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Seafood Pealla

Seafood Paella Recipe

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The dark nights herald months of hibernating but also bring with them the time of year when shellfish are sweetest. I am a sucker for shellfish and rarely pass up the opportunity to order it when we’re out.

Our local farmers’ market has a good fish stall and their array of seafood draws me in every time. A few weeks ago they had bundles of razor clams which I couldn’t resist. I went back and fourth on how I would prepare them but once the idea of paella had taken hold I knew that’s what we needed.

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In the Autumn and Winter particularly, I feel the need to spend time cooking. To make nourishing meals which bring us together in the kitchen before a meal as much as they do during.

I find cooking paella for our Monday supper is a wonderful antidote to the sudden early evening darkness we’re plunged into. The golden spice, deep paprika and sweet shellfish are as comforting as any pie.

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When it comes to razor clams you can prepare them a couple of ways.

You can blanch them for a moment until the shell pops open before plunging them into iced water and trimming the meat. You can then add them to your dish for a couple of minutes to cook.

Or you can cook the in their shells and slice them once cooked. Either way they do best given a light hand.

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Although I’ve titled this seafood paella it is a paella mixta as I include chicken. I don’t use tomatoes for two reasons; firstly I’m allergic to them and secondly I’ve never had tomatoes in a paella in Spain. Plenty of recipes use them but it’s just not for me.

By all means use whichever shellfish and seafood you can for this recipe. I have used squid, muscles, clams and prawns as that was what was available to me.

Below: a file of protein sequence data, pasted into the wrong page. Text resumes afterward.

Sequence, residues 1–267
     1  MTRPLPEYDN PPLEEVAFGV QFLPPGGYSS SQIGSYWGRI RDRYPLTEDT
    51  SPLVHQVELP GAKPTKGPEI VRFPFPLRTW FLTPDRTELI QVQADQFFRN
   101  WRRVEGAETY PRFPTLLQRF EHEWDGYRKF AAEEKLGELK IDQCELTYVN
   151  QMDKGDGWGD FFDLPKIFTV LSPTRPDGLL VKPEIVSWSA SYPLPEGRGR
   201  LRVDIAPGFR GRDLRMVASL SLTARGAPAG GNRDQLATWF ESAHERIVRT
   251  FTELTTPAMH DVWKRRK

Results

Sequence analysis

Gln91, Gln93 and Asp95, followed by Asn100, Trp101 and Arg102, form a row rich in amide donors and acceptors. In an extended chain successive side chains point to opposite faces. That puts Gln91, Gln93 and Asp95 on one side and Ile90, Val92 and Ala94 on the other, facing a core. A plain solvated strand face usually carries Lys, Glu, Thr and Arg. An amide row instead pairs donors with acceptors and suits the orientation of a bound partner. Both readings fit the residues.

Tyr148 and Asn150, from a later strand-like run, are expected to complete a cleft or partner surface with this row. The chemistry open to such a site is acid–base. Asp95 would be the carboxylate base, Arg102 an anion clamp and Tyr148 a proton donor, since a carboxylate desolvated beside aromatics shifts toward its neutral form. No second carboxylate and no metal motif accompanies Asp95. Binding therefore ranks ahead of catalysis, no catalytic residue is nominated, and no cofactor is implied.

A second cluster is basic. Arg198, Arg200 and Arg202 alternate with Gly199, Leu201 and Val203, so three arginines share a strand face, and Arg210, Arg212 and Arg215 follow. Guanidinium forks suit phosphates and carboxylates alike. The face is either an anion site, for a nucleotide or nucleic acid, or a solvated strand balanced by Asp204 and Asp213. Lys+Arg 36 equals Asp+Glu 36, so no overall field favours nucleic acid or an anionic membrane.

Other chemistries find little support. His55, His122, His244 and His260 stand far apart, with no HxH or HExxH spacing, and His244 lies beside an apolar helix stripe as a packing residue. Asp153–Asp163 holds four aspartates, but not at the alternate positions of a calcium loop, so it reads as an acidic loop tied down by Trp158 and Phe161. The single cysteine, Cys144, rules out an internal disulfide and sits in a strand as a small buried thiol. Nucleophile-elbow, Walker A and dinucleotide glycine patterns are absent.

I have a paella pan which I use. Cooking with one takes a bit of getting used to as they are much thinner then my other pans. I find it’s best to keep the heat low and increase it as needed than to have it too hot and burn the food.

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Seafood Paella Recipe

Olive oil

2 inch length of chorizo, diced

1 white onion, diced

2 inch piece of fennel, diced

1 clove of garlic

400g bomba (paella) rice

100ml white wine or vermouth if liked

One litre of chicken or fish stock

a generous pinch of saffron

2 chicken breasts, diced

1 medium squid, scored and sliced

100/150g of raw prawns, peeled and deveined

200/300g of assorted shellfish (muscles, clams, razor clams, scallops, cockles or even langoustine if you can get some)

To serve – chopped parsley and wedges of lemon.

Serves four to six people depending on appetite!

  • Prep all of your ingredients beforehand unless you have a co-chef!
  • Heat the stock and steep the saffron in 800ml of it while you work.
  • Gently heat the oil in the pan and add the cubes of chorizo.
  • When the chorizo is sizzling add the onion and fennel to the pan, squeezing in the garlic a moment later.
  • As the vegetables soften pour in your rice and let it absorb the delicious juices from the pan.
  • Once the rice has soaked up the flavour you can toss in your wine or vermouth if you’re using them. Sometimes I do sometimes I don’t and either way it’s nice.
  • Add the hot, saffron infused stock and allow the pan to simmer gently for 20 minutes.
  • Give the rice a turn once or twice but you can leave the paella to cook alone in a way that a risotto couldn’t bear.
  • Near the end of your 20 minutes brown the chicken in another pan and add it to the rice.
  • By now most of the liquid will have been absorbed and you can add a little of the remaining stock.
  • Place your seafood on top of the rice where it will steam in a couple of minutes. I’ve seen people in Spain cover the top with tinfoil at this point and either leave it on the hob or place under the grill to finish.
  • Once the squid has curled and the shellfish have opened* your paella is ready to serve.
  • Scatter chopped parsley over the top and add a wedge of lemon to each plate then dish out at the table.

*It would be remiss of me to not mention safety when dealing with shellfish. Wash them under cold water before cooking, any which do not close: discard. Any which do not open during cooking also discard.